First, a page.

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The $2.6 billion luxury home furnishings retailer offers a private-label assortment that is rich in fashion but reasonably priced for its target clientele. It is a true multi-channel retailer that sells its furniture, lighting, decor, bathware, and outdoor and garden products through 71 retail locations that it calls design galleries and 13 outlet stores, which together account for 55% of sales.
Rounding out the customer engagement is a strong e-commerce platform that accounts for the remaining 45% of sales, which include child and baby products.
A Beat and Surprising Drop
RH reported earnings this week and continued its strong performance with impressive second-quarter fiscal 2013 results. The company's adjusted quarterly earnings of 49 cents a share handily surpassed the Zacks Consensus Estimate of 42 cents and jumped 48% year over year.
But the stock got slammed down 12% after the report because including one-time items the company actually reported a loss. There may have also been some investor uncertainty about another company decision: eliminating the splashy and expensive fall catalog. It seems this struck many as having a potential negative effect on revenues.
Why the Dip is a Buy
When you look at the important details of this quarter's report, the company's guidance, and the analyst reaction, you might conclude that RH is a good buy now -- if you don't mind paying 35X for a 30% grower with an innovative management team focused on extraordinary customer experiences.
Increased product demand led to a 30% jump in total sales to $382.1 million that surpassed the Zacks Consensus Estimate of $375 million. Comparable-store-sales surged 26%, while Direct revenues increased 33% during the quarter.
Gross profit rose 22% to $139.2 million, while gross margin contracted 260 basis points to 36.4%. Adjusted EBITDA soared 42% to $40.8 million, whereas adjusted operating income jumped 56% to $34.2 million.
Encouraged by the strong quarterly results, Restoration Hardware raised its fiscal-2013 guidance for the second time. The company now expects top-line improvement in the range of 31% to 32% to $1.56-$1.58 billion, up from its earlier guidance range of a 23% to 27% increase. Moreover, earnings are forecast in the range of $1.65 to $1.70 per share, significantly rising from its previous guidance range of $1.41 to $1.47.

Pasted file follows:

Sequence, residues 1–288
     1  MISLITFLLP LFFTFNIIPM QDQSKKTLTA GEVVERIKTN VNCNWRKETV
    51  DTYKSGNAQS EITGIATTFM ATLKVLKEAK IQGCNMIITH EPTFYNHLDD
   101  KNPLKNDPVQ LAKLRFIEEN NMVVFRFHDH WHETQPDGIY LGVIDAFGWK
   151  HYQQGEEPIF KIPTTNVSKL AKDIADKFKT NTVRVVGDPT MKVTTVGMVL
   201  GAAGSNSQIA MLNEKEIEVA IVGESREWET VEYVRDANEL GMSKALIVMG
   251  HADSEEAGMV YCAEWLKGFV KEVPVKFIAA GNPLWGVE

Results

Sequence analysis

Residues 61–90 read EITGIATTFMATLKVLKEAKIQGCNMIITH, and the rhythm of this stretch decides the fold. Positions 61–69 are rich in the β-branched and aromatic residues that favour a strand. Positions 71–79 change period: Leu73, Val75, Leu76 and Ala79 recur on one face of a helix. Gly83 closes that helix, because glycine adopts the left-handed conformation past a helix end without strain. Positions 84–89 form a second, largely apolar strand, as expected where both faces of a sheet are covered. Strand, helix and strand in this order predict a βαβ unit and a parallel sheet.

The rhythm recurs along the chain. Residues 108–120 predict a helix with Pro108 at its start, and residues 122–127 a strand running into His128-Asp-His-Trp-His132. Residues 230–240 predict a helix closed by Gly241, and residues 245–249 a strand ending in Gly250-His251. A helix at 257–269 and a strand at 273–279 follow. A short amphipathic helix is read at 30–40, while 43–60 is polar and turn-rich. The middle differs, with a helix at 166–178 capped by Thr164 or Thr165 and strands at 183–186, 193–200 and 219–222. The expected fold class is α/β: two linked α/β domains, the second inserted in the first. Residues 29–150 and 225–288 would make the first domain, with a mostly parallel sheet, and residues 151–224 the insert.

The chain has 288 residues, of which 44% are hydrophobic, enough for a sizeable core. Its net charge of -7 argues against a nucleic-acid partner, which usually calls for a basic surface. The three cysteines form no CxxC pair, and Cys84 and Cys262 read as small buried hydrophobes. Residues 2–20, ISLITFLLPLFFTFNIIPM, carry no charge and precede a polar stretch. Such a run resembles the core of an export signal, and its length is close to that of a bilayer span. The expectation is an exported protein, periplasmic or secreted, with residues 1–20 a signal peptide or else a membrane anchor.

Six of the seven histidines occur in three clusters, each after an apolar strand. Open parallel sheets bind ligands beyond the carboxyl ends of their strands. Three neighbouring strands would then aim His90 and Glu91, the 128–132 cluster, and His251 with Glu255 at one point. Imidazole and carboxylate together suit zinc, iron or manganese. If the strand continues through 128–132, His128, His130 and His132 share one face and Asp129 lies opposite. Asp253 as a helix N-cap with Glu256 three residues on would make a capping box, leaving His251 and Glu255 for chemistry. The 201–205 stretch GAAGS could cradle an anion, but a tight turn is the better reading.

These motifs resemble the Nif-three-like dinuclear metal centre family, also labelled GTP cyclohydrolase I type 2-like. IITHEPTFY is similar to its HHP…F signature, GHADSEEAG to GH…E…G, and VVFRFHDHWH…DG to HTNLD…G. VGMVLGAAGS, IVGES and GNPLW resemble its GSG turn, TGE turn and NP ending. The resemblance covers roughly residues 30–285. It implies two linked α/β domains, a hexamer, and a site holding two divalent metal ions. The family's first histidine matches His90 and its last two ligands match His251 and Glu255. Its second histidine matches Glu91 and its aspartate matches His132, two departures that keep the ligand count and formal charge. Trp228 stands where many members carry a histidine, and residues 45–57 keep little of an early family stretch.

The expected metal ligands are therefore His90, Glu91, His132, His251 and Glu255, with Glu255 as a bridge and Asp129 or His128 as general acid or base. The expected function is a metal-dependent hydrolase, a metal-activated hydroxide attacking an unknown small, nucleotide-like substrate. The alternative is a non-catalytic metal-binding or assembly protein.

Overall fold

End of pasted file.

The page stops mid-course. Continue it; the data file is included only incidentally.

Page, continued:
For the third quarter, total sales are expected in the range of $385 million to $395 million, while earnings are projected to range from 27 cents to 29 cents per share. Moreover, for the fourth quarter, the top line is expected to be in the range of $490 million to $500 million, while earnings are expected in the range of 81 cents to 84 cents.
Following this upbeat raise in forward guidance, several analysts scrambled to raise their earnings estimates taking the consensus for this year to $1.68 from $1.48 and next year to $1.93 from $1.86.
Growth Outlook Restored
Looking ahead for this exciting brand that has captured the hearts and wallets of a growing upper-income clientele, several initiatives like product expansion and innovation, enhancement of customers shopping experience, and its no-brainer plans to secure a foothold in the Kitchen and Antiquities segment are expected to accelerate sales growth in the long run.
Here is what one analyst said about the company's strategy with discontinuing the expensive catalog...
The decision to eliminate the sourcebook (catalog) was fully vetted. Management indicated that it tested this decision for two years and found that there was minimal sales erosion from not re-mailing a book to customers. We believe a reallocation of spend to direct marketing should close the gap if not eliminate it completely. Our concerns about the fall book elimination were further eased by the $80mn increase in full-year sales guidance midpoint to midpoint, after a 2Q outperformance of only $4.6mn.
While the housing market takes a breather in its strong, multi-year recovery, rest assured that consumers are still opening their wallets to spend on products that improve, beautify, and otherwise restore their pride in their homes. In this light, Restoration Hardware is a long-term growth story to take advantage of on the dips.
Kevin Cook is a Senior Stock Strategist for Zacks where he runs the Follow The Money portfolio.